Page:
Six Nations: Wounded French bemoan their plight

AS YET there is no respite for France’s beleaguered first XV and they would have found few words of comfort in yesterday morning’s press.

AS YET there is no respite for France’s beleaguered first XV and they would have found few words of comfort in yesterday morning’s press.

"Pathetic" screamed the headline across France’s weekly rugby newspaper Midi Olympique.

"The euphoria of autumn is gone and winter is gloomy," the paper stated, words that will no doubt be ringing in coach Bernard Laporte’s ears and manager Jo Maso who have fled to the ski slopes of Val d’Isere to indulge in a serious amount of soul-searching and no doubt countless reruns of the video evidence that showed their team’s dreams of a 2001 Grand Slam turn into a nightmare at Lansdowne Road.

According to one French journalist, Lansdowne Road was akin to the famed Bermuda Triangle for the Tricolores, impossible to explain and mysterious. Somewhere out on that patch of green grass the best parts of French backline play went missing and the writer was moved to wonder just where the flair and finesse have disappeared to.

For others though, the spectre of two fine victories over New Zealand loom large in the reason for France’s prevailing poor form.

"These victories seem to have sown the seeds for the current problems and perverted the capacity for us to correctly analyse exactly where French rugby is at," wrote one critic.

"It isn’t the defeat in Ireland that is so shocking. The Irish have thoroughly deserved their victories over France in the last two years. Their rugby is in robust health which is good for them and good for European rugby. Their progress helps preserve the magic of the tournament.

"What is upsetting from the French point of view is the sorry quality of our game, its absence of freshness and the lack of clarity in either the intentions of the team or their play."

An absence of true talent is a subject that was discussed long into Saturday night in pubs and bars around Dublin and is a point that Laporte has been quick to seize on. Too many foreign players cluttering up key positions is something he views as doing a disservice to the game in France. But he is honest enough to admit he was amongst the first to bring in top-line overseas players during his years with Stade Francais. And now this style of open chequebook rugby is coming back to haunt him.

But not everyone is convinced that foreign players are the cause of the problem. "How can we glorify a team that could bring the All Blacks to their knees, raising the spirits of everyone and then just three months later vilify these same players and say that they are talentless?" writes the Midi Olympique.

"Without a doubt, Richard Dourthe is unrecognisable and Christophe Lamaison a mere shadow of the player he was a short time ago. But the poor form of two players and the wretched performance against Ireland does not explain the seeming procrastination amongst the entire team. Why has the team run both hot and cold this season?"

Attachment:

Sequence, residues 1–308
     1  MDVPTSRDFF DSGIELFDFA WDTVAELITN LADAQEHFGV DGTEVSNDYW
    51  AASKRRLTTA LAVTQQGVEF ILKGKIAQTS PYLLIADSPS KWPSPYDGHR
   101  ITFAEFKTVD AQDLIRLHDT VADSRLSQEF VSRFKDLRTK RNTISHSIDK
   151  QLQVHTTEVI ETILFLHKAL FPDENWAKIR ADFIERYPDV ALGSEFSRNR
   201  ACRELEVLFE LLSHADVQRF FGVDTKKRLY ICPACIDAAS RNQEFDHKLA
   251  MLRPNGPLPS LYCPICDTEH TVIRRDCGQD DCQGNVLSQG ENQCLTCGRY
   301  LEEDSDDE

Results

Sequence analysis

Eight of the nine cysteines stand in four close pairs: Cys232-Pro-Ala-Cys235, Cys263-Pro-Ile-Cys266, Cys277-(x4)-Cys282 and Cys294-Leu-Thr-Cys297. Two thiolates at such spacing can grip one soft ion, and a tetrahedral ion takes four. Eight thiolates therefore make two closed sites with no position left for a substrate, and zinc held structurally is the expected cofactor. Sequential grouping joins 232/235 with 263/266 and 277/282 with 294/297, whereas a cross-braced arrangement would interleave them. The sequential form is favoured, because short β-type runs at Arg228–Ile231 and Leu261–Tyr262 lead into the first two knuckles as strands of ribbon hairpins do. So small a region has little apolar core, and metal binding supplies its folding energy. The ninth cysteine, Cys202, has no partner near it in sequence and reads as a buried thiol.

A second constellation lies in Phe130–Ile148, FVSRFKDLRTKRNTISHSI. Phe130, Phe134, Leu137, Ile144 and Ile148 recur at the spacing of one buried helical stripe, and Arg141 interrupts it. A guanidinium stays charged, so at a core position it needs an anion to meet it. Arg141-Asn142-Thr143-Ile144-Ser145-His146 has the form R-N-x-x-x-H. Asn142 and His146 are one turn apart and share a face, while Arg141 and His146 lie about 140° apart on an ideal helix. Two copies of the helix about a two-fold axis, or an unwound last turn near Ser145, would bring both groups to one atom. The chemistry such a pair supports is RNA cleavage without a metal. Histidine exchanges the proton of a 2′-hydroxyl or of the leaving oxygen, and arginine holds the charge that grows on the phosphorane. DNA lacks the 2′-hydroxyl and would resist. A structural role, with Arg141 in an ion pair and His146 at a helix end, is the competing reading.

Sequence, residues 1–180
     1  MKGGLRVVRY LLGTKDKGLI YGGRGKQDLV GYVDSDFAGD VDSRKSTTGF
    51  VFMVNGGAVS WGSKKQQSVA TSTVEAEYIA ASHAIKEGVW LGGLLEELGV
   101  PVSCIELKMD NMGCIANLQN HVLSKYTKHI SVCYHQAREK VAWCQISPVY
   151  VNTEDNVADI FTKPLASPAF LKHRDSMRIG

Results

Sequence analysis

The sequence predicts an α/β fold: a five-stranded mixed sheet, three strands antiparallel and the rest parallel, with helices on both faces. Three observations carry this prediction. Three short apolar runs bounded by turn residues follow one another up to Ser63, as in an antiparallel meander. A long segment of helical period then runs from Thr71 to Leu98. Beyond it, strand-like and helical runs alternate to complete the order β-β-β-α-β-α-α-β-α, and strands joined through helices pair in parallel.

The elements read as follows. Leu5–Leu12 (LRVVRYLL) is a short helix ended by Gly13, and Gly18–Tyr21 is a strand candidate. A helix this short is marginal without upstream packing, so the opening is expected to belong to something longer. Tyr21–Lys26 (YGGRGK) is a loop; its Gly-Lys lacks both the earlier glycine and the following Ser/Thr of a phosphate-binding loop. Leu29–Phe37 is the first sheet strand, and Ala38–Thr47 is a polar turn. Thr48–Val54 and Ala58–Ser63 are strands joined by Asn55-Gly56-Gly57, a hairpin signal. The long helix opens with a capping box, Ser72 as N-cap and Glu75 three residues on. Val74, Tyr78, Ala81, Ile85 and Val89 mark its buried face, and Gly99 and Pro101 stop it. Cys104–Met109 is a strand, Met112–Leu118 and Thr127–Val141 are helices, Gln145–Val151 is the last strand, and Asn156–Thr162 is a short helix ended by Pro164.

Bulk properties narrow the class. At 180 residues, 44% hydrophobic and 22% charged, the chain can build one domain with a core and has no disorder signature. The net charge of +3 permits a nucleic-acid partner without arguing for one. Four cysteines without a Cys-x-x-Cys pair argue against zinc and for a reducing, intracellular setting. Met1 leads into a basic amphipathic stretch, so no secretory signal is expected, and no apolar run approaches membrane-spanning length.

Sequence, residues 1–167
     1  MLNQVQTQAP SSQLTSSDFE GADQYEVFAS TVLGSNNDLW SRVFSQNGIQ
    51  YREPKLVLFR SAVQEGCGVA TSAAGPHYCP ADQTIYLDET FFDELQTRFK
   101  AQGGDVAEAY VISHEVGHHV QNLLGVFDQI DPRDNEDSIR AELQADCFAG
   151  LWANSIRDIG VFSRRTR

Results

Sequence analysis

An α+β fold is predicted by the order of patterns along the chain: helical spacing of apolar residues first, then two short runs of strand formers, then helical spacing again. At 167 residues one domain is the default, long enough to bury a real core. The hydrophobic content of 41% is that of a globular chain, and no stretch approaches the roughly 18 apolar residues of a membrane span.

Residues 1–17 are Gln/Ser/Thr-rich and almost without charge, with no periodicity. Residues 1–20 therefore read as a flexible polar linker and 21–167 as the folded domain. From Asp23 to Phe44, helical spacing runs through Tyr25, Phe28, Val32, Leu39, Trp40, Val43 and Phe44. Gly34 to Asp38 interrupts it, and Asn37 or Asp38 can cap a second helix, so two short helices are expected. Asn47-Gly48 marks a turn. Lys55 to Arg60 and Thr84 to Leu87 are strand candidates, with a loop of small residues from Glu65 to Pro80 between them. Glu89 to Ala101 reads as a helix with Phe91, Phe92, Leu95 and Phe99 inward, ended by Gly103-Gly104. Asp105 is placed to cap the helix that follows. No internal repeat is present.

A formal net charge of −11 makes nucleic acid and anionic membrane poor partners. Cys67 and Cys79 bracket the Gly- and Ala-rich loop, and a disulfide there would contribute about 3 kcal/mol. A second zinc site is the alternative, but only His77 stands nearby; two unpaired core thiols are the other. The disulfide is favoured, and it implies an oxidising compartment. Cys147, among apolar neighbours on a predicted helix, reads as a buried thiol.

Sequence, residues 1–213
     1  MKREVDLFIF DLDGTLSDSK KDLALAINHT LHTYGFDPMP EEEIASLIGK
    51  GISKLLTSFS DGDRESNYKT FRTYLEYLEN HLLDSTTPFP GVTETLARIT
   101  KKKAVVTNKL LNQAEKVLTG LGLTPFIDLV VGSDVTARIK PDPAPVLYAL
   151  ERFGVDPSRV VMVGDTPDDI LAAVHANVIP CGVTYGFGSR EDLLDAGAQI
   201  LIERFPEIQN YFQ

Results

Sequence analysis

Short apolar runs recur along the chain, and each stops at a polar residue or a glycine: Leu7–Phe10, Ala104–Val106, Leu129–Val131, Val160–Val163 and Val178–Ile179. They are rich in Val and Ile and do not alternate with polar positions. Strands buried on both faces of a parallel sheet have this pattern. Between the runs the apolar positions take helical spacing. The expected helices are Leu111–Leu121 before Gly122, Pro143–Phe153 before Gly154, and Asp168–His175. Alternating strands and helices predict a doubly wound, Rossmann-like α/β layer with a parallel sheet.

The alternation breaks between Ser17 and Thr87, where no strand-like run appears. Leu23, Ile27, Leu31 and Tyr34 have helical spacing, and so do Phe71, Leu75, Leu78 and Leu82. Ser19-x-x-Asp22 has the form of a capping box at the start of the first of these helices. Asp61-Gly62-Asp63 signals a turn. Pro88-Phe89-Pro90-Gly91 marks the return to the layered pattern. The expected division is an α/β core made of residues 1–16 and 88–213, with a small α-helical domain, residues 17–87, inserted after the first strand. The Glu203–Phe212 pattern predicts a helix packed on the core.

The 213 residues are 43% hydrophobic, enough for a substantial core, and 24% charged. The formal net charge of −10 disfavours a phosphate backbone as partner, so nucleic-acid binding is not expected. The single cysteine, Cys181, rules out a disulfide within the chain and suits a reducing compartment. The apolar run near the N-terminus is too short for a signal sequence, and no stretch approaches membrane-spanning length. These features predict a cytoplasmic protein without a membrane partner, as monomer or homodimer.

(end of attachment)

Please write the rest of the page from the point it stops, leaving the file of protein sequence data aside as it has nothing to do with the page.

The writer is of the opinion that the enormous weight of expectation has created panic within the team.

"We’ve flattered them, fawned them, been silent in our criticisms and built them up to be the rugby kings of the world since that victory in Marseille last November. Inevitably they had to fall."

The tumble came sooner than anyone expected and of course the French rugby public want a quick fix. The next Six Nations match is against Italy on March 3 and there could well be a big clear out of the old guard.

Laporte has declared that new blood is needed and, after a good result in the A game, several players, particularly the backline trio of Jauzion, Bonetti and fullback Elhorga could expect to be called upon. All three impressed with their play and they could feature in a new-look backline which is likely to include halfback Fabien Galthie who has now served out his suspension and wing Christophe Dominici.

Another player under consideration is loose forward Milheres.

But Laporte must look to more than just a different group of players to solve his problems. A lack of confidence and poor morale are obvious consequences of the last two results, albeit that one was a victory.

He is known as a tough taskmaster and he has only two short weeks in which to mould together a team which is now under severe pressure to win well against the Italians and to also find the time to rebuild their shattered spirits.

The words ‘French’ and ‘flair’ will haunt him until he gets things right.

"If you want me to talk about French flair I can tell you that Christian Cullen has it and so does Brian O’Driscoll. French flair is about creative spirit. We lack these certain talents and we can’t hide from that truth."

Laporte says he spoke with Ireland coach Warren Gatland and was interested to learn that Irish players are playing between twenty and twenty-five matches a season, almost half the number of games French players will take part in. The French coach has been openly critical of his country’s long club season which sees many players either training or playing from mid-July through to the end of June.

There is plenty for the coach to ponder while he takes a few days break in the clear mountain air. Certainly, clarity of thought is a must if Laporte is to bring together a team that can win well and with style in Italy early next month.

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